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The uncertainty of climate sensitivity and its implication for the Paris negotiation

Overview of attention for article published in Sustainability Science, September 2015
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About this Attention Score

  • In the top 25% of all research outputs scored by Altmetric
  • High Attention Score compared to outputs of the same age (89th percentile)
  • High Attention Score compared to outputs of the same age and source (80th percentile)

Mentioned by

blogs
2 blogs
twitter
3 tweeters
facebook
1 Facebook page

Citations

dimensions_citation
4 Dimensions

Readers on

mendeley
17 Mendeley
citeulike
1 CiteULike
Title
The uncertainty of climate sensitivity and its implication for the Paris negotiation
Published in
Sustainability Science, September 2015
DOI 10.1007/s11625-015-0339-z
Pubmed ID
Authors

Yoichi Kaya, Mitsutsune Yamaguchi, Keigo Akimoto

Abstract

Uncertainty of climate sensitivity is one of the critical issues that may affect climate response strategies. Whereas the equilibrium climate sensitivity (ECS) was specified as 2-4.5 °C with the best estimate of 3 °C in the 4th Assessment Report of IPCC, it was revised to 1.5-4.5 °C in the 5th Assessment Report. The authors examined the impact of a difference in ECS assuming a best estimate of 2.5 °C, instead of 3 °C. The current pledges of several countries including the U.S., EU and China on emission reductions beyond 2020 are not on track for the 2 °C target with an ECS of 3 °C but are compatible with the target with an ECS of 2.5 °C. It is critically important for policymakers in Paris to know that they are in a position to make decisions under large uncertainty of ECS.

Twitter Demographics

The data shown below were collected from the profiles of 3 tweeters who shared this research output. Click here to find out more about how the information was compiled.

Mendeley readers

The data shown below were compiled from readership statistics for 17 Mendeley readers of this research output. Click here to see the associated Mendeley record.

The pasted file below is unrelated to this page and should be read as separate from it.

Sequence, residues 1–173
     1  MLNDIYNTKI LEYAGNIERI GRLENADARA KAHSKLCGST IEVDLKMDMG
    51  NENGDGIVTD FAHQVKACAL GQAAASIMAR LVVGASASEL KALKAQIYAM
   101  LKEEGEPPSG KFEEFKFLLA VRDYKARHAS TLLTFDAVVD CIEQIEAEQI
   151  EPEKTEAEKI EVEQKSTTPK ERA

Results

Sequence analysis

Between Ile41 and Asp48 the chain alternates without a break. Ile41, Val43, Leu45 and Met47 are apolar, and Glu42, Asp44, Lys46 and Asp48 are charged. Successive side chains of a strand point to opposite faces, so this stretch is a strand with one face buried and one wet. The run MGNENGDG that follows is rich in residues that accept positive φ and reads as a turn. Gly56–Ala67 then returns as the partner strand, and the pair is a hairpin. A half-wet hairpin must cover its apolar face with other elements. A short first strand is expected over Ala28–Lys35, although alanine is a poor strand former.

Geographical breakdown

Country Count As %
Unknown 17 100%

Demographic breakdown

Readers by professional status Count As %
Student > Ph. D. Student 5 29%
Researcher 4 24%
Student > Master 4 24%
Professor 1 6%
Student > Bachelor 1 6%
Other 2 12%
Readers by discipline Count As %
Environmental Science 9 53%
Chemistry 3 18%
Social Sciences 2 12%
Energy 1 6%
Unspecified 1 6%
Other 1 6%

Attention Score in Context

This research output has an Altmetric Attention Score of 15. This is our high-level measure of the quality and quantity of online attention that it has received. This Attention Score, as well as the ranking and number of research outputs shown below, was calculated when the research output was last mentioned on 28 October 2018.
All research outputs
#996,179
of 12,858,386 outputs
Outputs from Sustainability Science
#63
of 336 outputs
Outputs of similar age
#26,225
of 246,477 outputs
Outputs of similar age from Sustainability Science
#2
of 10 outputs
Altmetric has tracked 12,858,386 research outputs across all sources so far. Compared to these this one has done particularly well and is in the 92nd percentile: it's in the top 10% of all research outputs ever tracked by Altmetric.
So far Altmetric has tracked 336 research outputs from this source. They typically receive more attention than average, with a mean Attention Score of 9.7. This one has done well, scoring higher than 81% of its peers.
Older research outputs will score higher simply because they've had more time to accumulate mentions. To account for age we can compare this Altmetric Attention Score to the 246,477 tracked outputs that were published within six weeks on either side of this one in any source. This one has done well, scoring higher than 89% of its contemporaries.
We're also able to compare this research output to 10 others from the same source and published within six weeks on either side of this one. This one has scored higher than 8 of them.